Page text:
The Texas Cowboy Reunion, founded in 1930 as a tribute to the Texas cowboy, is held each year for three days around July 4 in Stamford. It is a gathering of working cowhands, not professional rodeo cowboys, aimed at honoring their traditions. Held in conjunction with the rodeo are the Texas Old-Timers Reunion, the Texas Quarter Horse Show, and the John Selmon Memorial Art Show. In February 1930 a group of thirteen Stamford businessmen met to discuss establishing some type of local celebration to counteract the depression morale. Since Stamford was central to several large ranches, a rodeo seemed appropriate, and, in order to make it unique, the founders named it the Texas Cowboy Reunion and dedicated it to preserving the heritage of the typical West Texas cowboy. That first year was a success in every way. Ninety-eight cowboys participated in four events. Calf roping was the most popular, but was followed closely by wild-cow milking, steer riding, and bronc riding. A total of 12,000 persons attended the rodeo in three days. In the following years the event grew. By 1937 crowds totaling 70,000 attended, with people coming from all over the Southwest. To accommodate them, reunion officials provided permanent grandstands, new lighting, a small lake, a two-story pavilion, and a bandstand. Attendance dropped sharply with World War II but rose to between 50,000 and 65,000 by 1955. In the years after that it dropped until it leveled off at 10,000 to 12,000.
The Texas Cowboy Reunion has significantly enlarged the rodeo repertoire. Wild-cow milking, which originated in Stamford, was held until 1957, when it was discontinued due to lack of suitable cows. The cutting-horse contest was also a first in Stamford. "Sponsors," young women invited from surrounding areas, participated in barrel racing, which originated at the reunion in 1931; the girls were judged on appearance as well as riding ability. Today, however, they are judged strictly on the time it takes them to run the cloverleaf pattern. Although all of these events spread nationwide, the old-timers' calf roping, one of the most popular events, did not.
The Texas Cowboy Reunion has succeeded because of the wisdom and foresight of its leaders. They include the original thirteen Stamford businessmen who were founders: Andrew John Swenson, William G. Swenson, Ray Rector, Rudolph Swenson, John Selmon, A. C. Cooper, F. Harley Goble, R. B. Bryant, W. G. Owsley, Charles E. Coombes, R. V. Colbert, Louie M. Hardy, and Roy Arledge. Bill Swenson was elected president and served until 1959, when he was succeeded by his son Eugene. The other first officers were R. R. Robertson, treasurer; C. L. Widney, director; and J. C. Watson, secretary. Selmon was arena director from 1930 to 1955 and led the grand entry from 1930 to 1968. Other leaders have included George Humphreys, foreman at the Four Sixes Ranch, who served as rodeo judge for forty-eight years, and Roy Craig, who served as rodeo chairman for thirty years. Also the entire Swenson family and the SMS Ranches organization have provided leadership and guidance to the reunion.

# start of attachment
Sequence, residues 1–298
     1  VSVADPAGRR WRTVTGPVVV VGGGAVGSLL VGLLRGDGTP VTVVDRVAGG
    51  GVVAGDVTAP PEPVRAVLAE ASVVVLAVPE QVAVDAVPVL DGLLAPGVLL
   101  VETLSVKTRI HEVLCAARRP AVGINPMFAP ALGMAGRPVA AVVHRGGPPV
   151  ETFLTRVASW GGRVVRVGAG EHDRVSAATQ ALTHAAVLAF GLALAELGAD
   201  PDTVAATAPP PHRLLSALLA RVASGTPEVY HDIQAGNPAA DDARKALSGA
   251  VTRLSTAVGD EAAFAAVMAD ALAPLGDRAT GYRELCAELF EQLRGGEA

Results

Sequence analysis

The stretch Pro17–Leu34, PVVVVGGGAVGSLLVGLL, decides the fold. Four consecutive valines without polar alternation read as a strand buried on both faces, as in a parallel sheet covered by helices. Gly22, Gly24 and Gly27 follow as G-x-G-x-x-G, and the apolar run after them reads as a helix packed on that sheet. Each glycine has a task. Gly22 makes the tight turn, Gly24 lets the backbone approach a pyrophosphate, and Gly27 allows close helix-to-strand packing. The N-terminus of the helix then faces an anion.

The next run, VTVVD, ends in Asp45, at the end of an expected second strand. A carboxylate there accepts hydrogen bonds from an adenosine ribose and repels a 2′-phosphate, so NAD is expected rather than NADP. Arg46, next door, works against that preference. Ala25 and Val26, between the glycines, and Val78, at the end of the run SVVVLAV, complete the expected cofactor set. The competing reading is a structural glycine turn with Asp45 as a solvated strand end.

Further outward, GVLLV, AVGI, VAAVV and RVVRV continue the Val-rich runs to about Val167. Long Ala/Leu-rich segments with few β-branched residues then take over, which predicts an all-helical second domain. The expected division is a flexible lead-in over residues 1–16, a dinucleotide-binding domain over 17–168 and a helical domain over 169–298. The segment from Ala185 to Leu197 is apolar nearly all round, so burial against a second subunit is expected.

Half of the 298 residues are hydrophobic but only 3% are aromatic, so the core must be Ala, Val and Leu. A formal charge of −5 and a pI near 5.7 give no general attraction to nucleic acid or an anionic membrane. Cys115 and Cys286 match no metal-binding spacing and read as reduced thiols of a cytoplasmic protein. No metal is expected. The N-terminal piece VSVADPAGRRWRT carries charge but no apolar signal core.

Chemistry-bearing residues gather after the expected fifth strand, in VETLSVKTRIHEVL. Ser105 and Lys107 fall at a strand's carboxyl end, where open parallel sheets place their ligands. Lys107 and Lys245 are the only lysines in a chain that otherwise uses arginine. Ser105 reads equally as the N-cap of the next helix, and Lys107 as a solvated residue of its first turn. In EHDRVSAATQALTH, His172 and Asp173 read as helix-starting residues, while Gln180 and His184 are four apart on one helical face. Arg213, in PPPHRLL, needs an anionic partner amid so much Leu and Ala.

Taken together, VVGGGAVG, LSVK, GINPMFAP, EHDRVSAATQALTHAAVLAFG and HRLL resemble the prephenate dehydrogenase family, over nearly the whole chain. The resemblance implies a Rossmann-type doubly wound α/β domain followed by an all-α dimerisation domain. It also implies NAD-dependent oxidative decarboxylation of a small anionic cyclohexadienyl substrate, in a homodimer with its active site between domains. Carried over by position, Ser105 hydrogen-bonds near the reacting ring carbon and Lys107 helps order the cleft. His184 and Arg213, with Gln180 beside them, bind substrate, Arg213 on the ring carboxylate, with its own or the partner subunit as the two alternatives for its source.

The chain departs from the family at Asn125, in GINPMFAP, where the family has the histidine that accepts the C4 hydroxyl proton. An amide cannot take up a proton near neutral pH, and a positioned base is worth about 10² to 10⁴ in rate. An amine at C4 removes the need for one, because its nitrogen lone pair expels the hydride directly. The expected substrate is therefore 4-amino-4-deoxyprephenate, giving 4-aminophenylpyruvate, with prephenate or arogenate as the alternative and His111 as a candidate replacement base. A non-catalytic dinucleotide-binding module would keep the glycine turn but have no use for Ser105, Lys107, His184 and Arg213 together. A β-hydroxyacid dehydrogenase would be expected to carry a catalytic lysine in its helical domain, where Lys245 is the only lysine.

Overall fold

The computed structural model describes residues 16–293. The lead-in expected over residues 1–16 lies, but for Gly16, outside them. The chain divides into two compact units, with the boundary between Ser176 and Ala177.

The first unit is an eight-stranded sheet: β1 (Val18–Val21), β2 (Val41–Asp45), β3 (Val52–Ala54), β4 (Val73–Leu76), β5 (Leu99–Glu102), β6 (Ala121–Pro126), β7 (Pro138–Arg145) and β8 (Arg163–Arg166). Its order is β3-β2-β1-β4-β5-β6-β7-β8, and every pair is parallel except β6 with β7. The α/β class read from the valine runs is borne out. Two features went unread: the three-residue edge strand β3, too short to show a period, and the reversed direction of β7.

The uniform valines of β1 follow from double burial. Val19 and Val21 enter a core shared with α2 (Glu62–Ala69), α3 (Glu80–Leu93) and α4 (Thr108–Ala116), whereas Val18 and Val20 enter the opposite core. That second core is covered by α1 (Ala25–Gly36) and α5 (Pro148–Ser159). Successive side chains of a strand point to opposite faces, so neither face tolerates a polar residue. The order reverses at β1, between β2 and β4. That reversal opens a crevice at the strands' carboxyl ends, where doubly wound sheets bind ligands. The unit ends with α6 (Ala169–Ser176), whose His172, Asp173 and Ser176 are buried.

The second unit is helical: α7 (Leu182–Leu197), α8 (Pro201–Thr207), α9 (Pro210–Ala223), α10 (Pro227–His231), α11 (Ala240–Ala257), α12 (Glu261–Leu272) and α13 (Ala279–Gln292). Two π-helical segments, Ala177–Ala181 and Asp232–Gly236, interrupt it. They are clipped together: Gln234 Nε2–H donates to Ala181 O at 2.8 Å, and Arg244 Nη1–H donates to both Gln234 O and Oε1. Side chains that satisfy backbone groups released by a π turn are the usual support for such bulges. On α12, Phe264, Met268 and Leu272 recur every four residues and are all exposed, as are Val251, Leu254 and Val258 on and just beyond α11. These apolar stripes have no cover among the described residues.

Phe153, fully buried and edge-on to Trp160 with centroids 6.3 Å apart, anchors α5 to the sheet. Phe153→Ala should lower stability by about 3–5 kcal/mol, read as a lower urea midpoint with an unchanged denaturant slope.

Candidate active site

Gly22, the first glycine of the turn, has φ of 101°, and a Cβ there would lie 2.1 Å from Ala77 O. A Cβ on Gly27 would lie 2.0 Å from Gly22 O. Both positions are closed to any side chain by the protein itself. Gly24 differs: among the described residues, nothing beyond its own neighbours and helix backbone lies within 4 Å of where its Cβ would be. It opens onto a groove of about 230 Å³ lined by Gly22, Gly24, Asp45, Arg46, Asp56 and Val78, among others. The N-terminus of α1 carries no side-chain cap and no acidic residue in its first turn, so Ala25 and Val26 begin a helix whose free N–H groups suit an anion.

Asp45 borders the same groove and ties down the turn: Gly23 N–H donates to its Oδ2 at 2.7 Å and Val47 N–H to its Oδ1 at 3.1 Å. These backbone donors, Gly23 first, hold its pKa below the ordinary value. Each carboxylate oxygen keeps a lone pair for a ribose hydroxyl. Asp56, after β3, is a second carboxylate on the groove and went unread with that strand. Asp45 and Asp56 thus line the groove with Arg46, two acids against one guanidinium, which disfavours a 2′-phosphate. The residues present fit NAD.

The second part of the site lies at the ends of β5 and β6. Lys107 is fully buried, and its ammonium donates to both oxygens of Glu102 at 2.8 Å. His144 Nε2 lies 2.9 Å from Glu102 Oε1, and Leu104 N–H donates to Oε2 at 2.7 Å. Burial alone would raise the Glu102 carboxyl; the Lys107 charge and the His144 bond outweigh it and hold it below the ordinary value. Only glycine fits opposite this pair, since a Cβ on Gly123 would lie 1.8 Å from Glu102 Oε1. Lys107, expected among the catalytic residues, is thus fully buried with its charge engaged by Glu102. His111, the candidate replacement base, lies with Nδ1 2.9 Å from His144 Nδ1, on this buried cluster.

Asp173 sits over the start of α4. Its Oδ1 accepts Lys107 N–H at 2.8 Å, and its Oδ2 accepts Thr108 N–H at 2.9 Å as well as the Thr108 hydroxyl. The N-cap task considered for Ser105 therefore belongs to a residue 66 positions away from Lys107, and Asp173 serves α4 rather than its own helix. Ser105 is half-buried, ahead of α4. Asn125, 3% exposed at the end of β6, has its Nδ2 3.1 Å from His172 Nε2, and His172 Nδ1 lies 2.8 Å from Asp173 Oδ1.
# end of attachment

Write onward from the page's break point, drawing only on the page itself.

Three events, although not directly a part of the reunion, are held in conjunction with it. In 1930 the Texas Cowboy Reunion Old-Timers Association was formed as a social organization to reunite and entertain the pioneers in the cattle business in Texas. Membership was restricted to cowboys who had worked on a ranch before 1895 and were at least fifty-five years of age. Today's members must have worked cattle and be at least forty-five years old. The newly formed American Quarter Horse Show was first held in 1940. Currently there are three divisions of competition held each year. The most recent addition to the reunion is the Stamford Art Foundation Exhibit and Sale. Its purpose is to record the history of the American West in art, and many prominent western artists exhibit in Stamford each year.
The Texas Cowboy Reunion has established its own style. A visitor to Stamford for the rodeo is met by the yells of the Hardin-Simmons University Cowboy Band leading off the parade, invited to eat at a chuck wagon, and entertained by local cowboys trying to best some of the meanest rodeo stock around. If that is not enough, there is always an old-timer at the bunkhouse who is eager to describe his version of life on the Texas range; it is his heritage that the Texas Cowboy Reunion celebrates each year on its fifty-five acres of land just west of Stamford.